Walking around just blowing away disease and death and anything else that reeked of sin just by a touch or a word or a thought or his will. No one else. You see, you can be innocent and unrighteous.

Yeah, I didn't steal it and that could be true, but you could be, you know, stolen something else. This one, our Lord, of course, was innocent and righteous and beneficial and they were unrighteous, meticulous, and not beneficial and dangerous. And violently so. And we read about this in chapter 18 of John's Gospel, chapter 18 verse 29, verse 28. Then they led Jesus from Caiaphas to the Praetorium. That's the headquarters of Pilate. And it was early morning, but they themselves did not go into the Praetorium lest they should defile, be defiled, but that they might eat the Passover.

I mean, just, we don't want to violate any of the rules. Murderers. That's what they were. And so there's this whole drama going between Pilate and the Sanhedrin, which is the priest and the religious leaders together. Luke is very clear about that.

That is not only the priest, the Sanhedrin, but other leaders of the Jews were in on this also. And there are the lessons for us, if not for us personally, for us to use in delivering the Gospel. And I think one of the best ways and one of the best deliveries of our message is to quote Scripture.

You see, the unbeliever is not likely to go read on their own. We're the ones that have to bring the Word to them. And the way we do that is we quote Scripture. And when they hear this, something is happening.

The unleash, the unleashing, if I can borrow that expression in this application without any irreverence, the unleashing of the power of the Holy Spirit then kicks into another gear. And so verses 29 through 18, chapter 18, sorry, 29 and 30, we read, Pilate then went out to them and said, What accusation do you bring against this man? They answered and said to him, If he were not an evildoer, we would not have delivered him up to you.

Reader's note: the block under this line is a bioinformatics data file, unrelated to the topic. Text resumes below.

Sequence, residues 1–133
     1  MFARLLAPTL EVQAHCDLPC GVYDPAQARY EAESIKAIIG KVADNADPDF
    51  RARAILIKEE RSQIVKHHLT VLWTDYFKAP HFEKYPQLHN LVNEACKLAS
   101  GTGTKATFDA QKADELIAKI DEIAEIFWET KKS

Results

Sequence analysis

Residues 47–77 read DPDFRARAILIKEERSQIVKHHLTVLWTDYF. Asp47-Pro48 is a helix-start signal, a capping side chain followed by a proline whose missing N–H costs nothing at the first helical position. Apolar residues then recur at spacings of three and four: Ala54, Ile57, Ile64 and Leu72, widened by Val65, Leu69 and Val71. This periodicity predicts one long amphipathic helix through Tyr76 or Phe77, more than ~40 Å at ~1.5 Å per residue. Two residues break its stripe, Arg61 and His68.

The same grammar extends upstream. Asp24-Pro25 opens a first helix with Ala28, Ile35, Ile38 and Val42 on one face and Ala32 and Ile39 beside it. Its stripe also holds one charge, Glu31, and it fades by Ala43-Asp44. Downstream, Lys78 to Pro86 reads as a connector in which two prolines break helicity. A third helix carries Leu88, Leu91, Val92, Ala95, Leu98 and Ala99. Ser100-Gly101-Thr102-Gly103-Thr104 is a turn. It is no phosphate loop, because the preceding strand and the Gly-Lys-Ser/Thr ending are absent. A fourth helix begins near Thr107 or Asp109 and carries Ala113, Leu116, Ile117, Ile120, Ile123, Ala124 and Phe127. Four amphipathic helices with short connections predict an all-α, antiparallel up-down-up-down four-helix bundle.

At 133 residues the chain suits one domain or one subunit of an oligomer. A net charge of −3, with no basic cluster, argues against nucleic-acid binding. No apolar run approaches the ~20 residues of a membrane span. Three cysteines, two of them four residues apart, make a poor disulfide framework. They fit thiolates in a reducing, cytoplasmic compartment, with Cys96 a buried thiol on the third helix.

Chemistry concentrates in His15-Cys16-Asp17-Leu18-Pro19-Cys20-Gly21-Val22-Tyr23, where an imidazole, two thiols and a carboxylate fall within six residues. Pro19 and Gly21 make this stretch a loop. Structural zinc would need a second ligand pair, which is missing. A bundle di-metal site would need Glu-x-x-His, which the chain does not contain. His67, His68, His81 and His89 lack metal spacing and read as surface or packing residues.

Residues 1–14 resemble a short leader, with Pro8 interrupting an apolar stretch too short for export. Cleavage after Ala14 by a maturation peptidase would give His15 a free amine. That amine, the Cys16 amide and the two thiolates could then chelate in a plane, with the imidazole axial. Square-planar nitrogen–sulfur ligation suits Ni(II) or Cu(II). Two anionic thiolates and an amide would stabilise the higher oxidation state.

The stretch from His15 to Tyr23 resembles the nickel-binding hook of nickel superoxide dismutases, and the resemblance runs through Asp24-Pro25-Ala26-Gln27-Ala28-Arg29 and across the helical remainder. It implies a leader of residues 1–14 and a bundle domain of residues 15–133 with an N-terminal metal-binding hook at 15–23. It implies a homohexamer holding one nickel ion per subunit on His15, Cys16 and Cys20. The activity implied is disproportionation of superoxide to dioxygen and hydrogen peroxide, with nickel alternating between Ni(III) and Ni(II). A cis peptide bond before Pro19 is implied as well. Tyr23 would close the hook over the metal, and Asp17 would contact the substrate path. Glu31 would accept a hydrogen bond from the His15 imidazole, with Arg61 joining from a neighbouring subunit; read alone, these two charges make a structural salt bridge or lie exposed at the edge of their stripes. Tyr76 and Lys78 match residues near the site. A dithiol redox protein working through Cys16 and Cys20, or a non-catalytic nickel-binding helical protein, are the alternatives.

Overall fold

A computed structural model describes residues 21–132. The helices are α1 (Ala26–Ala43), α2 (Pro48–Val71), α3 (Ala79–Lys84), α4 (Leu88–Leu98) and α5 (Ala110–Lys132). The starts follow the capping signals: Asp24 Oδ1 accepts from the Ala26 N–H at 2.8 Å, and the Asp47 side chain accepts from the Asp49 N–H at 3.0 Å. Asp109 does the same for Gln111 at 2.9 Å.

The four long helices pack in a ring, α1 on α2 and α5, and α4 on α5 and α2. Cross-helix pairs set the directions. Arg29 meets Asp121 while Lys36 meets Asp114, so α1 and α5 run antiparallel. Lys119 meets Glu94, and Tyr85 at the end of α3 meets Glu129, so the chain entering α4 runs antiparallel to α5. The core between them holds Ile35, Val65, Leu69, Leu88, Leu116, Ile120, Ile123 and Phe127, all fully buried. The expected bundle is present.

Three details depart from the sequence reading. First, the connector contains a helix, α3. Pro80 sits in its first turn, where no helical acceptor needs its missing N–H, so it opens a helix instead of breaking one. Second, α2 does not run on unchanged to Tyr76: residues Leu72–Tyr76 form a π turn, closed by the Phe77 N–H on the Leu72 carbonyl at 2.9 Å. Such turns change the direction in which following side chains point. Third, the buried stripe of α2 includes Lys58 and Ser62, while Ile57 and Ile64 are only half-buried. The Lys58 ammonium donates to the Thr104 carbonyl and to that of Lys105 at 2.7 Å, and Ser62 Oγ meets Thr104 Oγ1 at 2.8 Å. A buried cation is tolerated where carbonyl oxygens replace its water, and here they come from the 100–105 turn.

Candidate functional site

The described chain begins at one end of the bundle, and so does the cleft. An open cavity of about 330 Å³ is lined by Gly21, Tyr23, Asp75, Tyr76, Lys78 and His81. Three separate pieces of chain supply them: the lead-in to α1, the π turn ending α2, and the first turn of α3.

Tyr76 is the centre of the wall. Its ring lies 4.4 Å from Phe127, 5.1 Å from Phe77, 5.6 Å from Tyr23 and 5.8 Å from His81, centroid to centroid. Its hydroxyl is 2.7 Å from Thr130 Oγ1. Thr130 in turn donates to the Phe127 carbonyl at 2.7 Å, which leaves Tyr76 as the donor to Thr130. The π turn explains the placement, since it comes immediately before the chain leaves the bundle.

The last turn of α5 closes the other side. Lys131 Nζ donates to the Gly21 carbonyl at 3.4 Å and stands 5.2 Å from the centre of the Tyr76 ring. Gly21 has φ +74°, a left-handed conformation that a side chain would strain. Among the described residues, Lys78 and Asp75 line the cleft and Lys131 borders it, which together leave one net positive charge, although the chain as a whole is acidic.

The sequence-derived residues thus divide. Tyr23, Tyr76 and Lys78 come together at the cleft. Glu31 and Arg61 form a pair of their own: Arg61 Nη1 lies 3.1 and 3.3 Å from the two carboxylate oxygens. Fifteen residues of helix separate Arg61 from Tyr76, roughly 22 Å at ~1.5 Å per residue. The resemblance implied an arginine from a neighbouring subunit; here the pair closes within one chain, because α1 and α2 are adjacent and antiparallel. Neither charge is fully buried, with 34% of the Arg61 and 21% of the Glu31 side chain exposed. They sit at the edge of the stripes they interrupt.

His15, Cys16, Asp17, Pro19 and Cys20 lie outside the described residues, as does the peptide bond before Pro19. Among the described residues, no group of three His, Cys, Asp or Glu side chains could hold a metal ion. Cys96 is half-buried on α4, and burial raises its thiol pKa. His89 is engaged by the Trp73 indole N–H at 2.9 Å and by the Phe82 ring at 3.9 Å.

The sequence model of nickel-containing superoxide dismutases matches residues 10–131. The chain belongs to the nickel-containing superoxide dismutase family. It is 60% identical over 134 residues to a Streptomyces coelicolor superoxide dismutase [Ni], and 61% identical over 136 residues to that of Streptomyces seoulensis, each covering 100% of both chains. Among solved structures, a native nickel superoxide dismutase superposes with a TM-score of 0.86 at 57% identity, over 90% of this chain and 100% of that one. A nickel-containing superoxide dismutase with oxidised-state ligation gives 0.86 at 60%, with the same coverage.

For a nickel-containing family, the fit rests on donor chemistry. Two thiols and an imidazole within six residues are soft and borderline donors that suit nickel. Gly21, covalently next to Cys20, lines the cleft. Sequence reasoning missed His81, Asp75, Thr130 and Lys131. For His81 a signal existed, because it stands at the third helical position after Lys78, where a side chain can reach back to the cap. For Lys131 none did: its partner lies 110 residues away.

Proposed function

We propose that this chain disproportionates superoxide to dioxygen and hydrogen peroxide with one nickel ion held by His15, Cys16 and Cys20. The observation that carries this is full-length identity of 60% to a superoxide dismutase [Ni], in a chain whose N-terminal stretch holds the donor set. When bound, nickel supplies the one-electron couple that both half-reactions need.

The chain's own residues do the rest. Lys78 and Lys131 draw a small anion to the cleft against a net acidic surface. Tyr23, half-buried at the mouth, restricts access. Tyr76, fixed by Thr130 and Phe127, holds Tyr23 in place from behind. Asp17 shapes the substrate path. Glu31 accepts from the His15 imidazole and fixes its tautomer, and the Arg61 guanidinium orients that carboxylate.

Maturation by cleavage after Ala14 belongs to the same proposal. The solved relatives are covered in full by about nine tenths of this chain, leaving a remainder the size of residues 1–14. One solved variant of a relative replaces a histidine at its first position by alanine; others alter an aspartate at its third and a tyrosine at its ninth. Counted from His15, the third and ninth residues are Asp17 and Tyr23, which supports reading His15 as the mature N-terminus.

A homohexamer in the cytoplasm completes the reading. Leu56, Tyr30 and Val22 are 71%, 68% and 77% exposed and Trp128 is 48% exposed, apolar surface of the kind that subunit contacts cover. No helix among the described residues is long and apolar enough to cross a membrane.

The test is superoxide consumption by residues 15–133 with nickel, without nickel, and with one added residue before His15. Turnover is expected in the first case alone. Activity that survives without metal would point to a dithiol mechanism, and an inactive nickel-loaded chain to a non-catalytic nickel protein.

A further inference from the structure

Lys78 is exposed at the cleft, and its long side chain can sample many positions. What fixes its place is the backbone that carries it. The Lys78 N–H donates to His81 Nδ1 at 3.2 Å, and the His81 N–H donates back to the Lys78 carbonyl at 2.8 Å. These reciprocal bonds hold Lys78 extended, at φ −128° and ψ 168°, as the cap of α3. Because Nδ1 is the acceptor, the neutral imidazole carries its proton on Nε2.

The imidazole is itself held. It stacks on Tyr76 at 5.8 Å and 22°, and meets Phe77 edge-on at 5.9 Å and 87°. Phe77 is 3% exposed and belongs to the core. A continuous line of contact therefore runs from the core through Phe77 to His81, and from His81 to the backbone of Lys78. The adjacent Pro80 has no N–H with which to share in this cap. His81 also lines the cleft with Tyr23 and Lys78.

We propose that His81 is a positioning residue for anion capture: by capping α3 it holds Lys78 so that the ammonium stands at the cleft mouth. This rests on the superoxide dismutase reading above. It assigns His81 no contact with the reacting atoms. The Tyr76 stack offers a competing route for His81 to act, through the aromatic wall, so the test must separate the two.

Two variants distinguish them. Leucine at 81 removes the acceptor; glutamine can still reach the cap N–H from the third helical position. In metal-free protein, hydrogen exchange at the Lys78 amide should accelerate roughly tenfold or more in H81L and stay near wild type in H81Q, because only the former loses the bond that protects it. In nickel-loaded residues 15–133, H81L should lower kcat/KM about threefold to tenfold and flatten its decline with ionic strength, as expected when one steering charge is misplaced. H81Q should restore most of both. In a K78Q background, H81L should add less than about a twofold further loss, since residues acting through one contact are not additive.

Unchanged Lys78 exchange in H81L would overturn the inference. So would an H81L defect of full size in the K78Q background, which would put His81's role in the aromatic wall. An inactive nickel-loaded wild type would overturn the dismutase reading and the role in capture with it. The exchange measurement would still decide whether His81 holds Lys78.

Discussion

Now we're talking about Pilate and the Sanhedrin. There's a bunch of wise guys. He's the governor. He's the controlling authority. He has a lot of authority.

The tenth legion of Rome is right there in Syria. The snap of his fingers, they're right there in Judea. And he says, What's the charges? And they respond, If he wasn't guilty, we wouldn't bring him here. Stop wasting our time and kill him.

That's the idea. That he lets them get away with this, I think reflects or speaks of the volatile and delicate situation that he had found himself in. And so these are the ones that brought Jesus Christ to Pilate. These are the ones that gave Pilate his first look at the face of Jesus. His spies, without question, had already been passing intelligence to Pilate about him.

Any time in that area where you have mobs of people surrounding one individual, the spies are going to be on the job and they're going to report and they're going to say things like, Well, he was challenged about taxes and he said, Give to Caesar what belongs to Caesar. He goes around doing good, healing people, and that's the report. Pilate knew he was an innocent man. But that's not enough. It's not enough to know that Jesus is good, that he was innocent.

Who is he and what's your response to who he is? That's what it all comes down to. Jesus himself will tell Pilate towards the end of this. The last words from Jesus to Pilate is that the Jews have the greater sin in this whole thing.

Not you, Pilate. You're not innocent, but they have the greater sin. John 19, verse 11, bottom of the verse, Therefore the one who delivered me to you has the greater sin. And so when people debate who crucified Christ, according to Jesus, the most guilty in the group were the Sanhedrin. The great pressure to crucify Messiah, their own Messiah, came from the most unlikely group on earth, or at least one of the most unlikely groups on earth.

The religious leaders, those who were entrusted with the scrolls, the oracles, the word of God, they were leading the charge to destroy their own Savior. The supposed power to do it, Pilate thought, came from him. Now, make no mistake, Pilate was capable of much violence. In the Gospel of Luke in the 13th chapter, there were present at that season some who told him about the Galileans whose blood Pilate had mingled with their sacrifices. Evidently, there were those Galileans who were considering an uprising or doing something against Roman rule and mixing it with their religious rights, and Pilate swooped down on them, at least his men, he gave the order, and killed them in the midst of their sacrifice, ergo the mingling of their blood with their own sacrifices. And my point is, Pilate was indeed capable, and he himself supposed that he had the power to execute the Christ.

He tells the Lord that again, verse 11 of chapter 19, or verse 10, he says, Pilate said to him, are you not speaking to me? Do you not know that I have power to crucify you and power to release you? Well, according to man's law, that is absolutely accurate. That's so, that's correct, but it's not man's law we're concerned with. God is spoken.